Sedimentologic and petrographic informations on the sampled pebbles. a Stratigraphic and geographic repartition of the Cenozoic succession in the Barrême Basin. The pebbles were sampled in the St-Lions Conglomerates that were deposited at about 30 Ma in the northern part of the Barrême Basin. b Photograph of the St-Lions Conglomerates outcrop. c Detail of the matrix-supported polygenic conglomerates. d Lithological composition of the St-Lions Conglomerates. e Photographs of some lithologies that constituted the pebbles crosscut by quartz–calcite veins and the sampled calcitic cementation that locally replaced the andesitic matrix. Note the size and shape variability of the veins

Location and description of the investigated samples

The studied pebbles were sampled in the St-Lions Conglomerate Formation in the Barrême Basin (Fig. 2b). This formation is clast-supported in an andesitic sandy matrix, characterized by the absence of cemented fractures (Fig. 2c). The St-Lions Conglomerates have a polymictic composition (magmatic, metamorphic and sedimentary). The less abundant pebbles (25–30 %) are magmatic/metamorphic clasts from the Internal Alps (Gubler 1958; Bodelle 1971; Morag et al. 2008; Schwartz et al. 2012). The dominant pebbles are sedimentary rocks derived either from local reliefs or from unknown localities (Fig. 2d). These undefined sedimentary pebbles—dolomitic rocks as well as some Liassic limestones—have various possible sources as they are exposed in both the Internal Alps and the foreland basin. Given the similarities between the petrography of the sedimentary pebbles and the lithologies surrounding the SAFB, various provenances for the pebbles are possible: (1) Jurassic and Upper Cretaceous limestones from the adjacent topographic highs; (2) the underlying Eocene Nummulitic Limestones; (3) Upper Cretaceous limestones and sandstones from the Castellane platform that was located at about 30 km to the south of Barrême by erosion of the underlying Argens Conglomerates Formation (Fig. 1); (4) micaceous sandstones which seem to be a facies of the Helminthoid Flysch that represent the cover of the Embrun-Ubaye Nappe (Fig. 1); and (6) Triassic dolomitic limestones and sandstones (Fig. 2e).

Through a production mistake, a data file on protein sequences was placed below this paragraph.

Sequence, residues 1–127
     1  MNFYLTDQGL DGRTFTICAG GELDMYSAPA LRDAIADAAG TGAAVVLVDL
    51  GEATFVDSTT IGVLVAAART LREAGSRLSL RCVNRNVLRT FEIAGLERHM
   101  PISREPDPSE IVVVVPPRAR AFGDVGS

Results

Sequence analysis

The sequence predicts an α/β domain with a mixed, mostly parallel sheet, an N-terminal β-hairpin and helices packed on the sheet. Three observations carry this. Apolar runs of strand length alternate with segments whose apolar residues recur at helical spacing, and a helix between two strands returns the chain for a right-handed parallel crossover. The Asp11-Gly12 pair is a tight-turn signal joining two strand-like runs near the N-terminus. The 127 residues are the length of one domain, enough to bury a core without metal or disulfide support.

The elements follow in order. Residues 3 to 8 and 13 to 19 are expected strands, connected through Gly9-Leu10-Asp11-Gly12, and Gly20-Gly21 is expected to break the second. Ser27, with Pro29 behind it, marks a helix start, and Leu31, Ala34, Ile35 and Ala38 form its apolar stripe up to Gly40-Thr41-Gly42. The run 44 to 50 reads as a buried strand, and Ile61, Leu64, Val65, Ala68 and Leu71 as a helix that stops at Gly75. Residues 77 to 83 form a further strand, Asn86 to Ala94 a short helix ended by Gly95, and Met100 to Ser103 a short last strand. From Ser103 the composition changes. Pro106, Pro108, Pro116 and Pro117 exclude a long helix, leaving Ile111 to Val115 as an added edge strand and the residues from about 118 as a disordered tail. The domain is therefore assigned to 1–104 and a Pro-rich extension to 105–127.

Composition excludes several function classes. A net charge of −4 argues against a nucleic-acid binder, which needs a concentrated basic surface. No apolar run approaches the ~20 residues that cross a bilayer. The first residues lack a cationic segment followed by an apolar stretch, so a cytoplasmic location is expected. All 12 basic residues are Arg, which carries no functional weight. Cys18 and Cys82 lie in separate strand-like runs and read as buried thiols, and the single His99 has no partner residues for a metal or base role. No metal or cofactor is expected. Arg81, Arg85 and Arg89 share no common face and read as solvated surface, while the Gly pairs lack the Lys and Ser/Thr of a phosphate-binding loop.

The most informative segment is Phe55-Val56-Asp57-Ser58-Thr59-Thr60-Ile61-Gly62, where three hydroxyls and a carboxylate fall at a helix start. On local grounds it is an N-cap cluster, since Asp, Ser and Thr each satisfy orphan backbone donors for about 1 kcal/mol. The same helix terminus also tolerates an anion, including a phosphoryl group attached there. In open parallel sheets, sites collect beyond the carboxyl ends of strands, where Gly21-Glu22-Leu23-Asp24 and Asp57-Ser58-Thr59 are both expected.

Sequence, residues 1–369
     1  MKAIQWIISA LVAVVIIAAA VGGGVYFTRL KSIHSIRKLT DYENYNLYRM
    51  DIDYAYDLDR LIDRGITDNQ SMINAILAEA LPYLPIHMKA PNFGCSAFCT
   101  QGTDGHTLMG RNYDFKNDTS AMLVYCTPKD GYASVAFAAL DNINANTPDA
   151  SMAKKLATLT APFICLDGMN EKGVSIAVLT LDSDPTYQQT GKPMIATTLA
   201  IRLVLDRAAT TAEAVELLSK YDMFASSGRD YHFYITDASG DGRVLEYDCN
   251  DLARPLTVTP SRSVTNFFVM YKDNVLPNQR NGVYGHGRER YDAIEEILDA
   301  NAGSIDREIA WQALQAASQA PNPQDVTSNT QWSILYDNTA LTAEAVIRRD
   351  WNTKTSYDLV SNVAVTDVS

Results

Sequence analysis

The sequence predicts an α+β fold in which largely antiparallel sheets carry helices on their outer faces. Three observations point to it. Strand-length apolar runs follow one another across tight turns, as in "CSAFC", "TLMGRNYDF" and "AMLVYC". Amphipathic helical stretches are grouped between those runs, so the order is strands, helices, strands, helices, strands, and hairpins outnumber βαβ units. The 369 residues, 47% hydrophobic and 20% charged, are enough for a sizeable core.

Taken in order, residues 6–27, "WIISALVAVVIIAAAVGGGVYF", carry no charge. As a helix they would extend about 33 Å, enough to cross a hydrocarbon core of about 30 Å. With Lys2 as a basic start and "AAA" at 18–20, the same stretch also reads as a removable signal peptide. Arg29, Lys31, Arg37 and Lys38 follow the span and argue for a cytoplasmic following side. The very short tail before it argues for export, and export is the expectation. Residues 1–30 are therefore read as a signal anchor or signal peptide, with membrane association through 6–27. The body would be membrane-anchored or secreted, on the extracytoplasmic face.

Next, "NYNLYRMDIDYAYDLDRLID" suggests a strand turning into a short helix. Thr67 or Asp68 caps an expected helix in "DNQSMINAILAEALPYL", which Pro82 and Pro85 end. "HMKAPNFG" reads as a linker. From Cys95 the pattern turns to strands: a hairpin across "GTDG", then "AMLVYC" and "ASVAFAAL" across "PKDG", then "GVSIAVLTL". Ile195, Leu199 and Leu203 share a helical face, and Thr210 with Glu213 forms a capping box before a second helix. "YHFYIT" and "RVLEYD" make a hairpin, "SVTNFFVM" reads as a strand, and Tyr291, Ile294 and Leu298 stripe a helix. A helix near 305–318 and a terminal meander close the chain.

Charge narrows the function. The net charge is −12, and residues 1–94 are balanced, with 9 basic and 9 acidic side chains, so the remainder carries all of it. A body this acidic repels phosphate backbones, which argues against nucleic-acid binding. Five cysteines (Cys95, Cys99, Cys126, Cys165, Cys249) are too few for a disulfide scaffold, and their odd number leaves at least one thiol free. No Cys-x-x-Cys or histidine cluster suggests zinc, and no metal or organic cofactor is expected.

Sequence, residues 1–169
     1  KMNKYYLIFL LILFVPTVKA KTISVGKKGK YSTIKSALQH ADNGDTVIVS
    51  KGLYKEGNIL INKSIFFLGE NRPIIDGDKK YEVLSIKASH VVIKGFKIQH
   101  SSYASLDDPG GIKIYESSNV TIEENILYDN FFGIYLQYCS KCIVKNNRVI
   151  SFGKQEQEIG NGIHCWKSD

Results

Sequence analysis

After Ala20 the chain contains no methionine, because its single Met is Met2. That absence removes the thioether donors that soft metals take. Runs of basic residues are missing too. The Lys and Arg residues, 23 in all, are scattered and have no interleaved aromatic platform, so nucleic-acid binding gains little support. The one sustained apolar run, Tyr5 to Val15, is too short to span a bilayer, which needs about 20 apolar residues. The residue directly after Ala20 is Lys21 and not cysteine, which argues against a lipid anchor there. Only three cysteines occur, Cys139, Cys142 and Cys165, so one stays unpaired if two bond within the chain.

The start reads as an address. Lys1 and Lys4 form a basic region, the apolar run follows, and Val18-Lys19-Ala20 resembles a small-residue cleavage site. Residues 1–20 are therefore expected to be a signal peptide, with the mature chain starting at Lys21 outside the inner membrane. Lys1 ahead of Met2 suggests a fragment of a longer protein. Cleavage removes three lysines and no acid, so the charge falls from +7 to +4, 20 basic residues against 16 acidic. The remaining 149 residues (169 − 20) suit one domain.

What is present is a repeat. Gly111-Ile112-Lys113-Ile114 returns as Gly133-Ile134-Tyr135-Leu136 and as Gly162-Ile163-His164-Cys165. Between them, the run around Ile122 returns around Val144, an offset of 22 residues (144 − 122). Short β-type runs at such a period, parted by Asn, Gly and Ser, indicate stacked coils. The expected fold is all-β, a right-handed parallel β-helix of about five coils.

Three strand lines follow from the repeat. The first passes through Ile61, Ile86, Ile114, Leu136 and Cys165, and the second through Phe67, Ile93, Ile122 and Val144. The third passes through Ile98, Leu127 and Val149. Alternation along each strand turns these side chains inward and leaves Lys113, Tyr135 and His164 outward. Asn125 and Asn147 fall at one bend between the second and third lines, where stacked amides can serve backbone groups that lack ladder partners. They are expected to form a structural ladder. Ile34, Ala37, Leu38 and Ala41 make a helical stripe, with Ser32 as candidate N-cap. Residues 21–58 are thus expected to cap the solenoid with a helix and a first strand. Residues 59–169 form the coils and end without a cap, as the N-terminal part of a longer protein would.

Pebbles containing veins have been sampled in each lithology for microscopic observation. Veins containing sufficient amounts of fluid inclusions larger than 5 µm were selected for microthermometric and isotopic analyses. The selected samples are: four dolomitic sandstones (samples SL2c, SL2g, SL2h and SL3b), two sandy limestones (samples SL2b and SL2i), and a micaceous sandstone (sample SL5a). We also selected metamorphic and magmatic pebbles: three basalts (samples SL1a, SL1d and SL1e) and one serpentinite (sample SL1b) for comparison with the sedimentary pebbles.

Analytical approaches


Cathodoluminescence (CL) was performed at the Department of Earth Sciences, University of Geneva (Switzerland). Eleven polished thin sections were studied using a CITL cold cathode unit (model CL8200 Mk5) operating at 400–450 µA and 14.5 kV. Trace elements act as activator elements showing characteristic lines in the CL emission spectrum that allows the identification of growth zones, microcracks and dissolution/recrystallization phenomena. Thus it provides complementary information for the reconstruction of the mineral succession precipitated during vein formation.

Microthermometry and Raman spectroscopy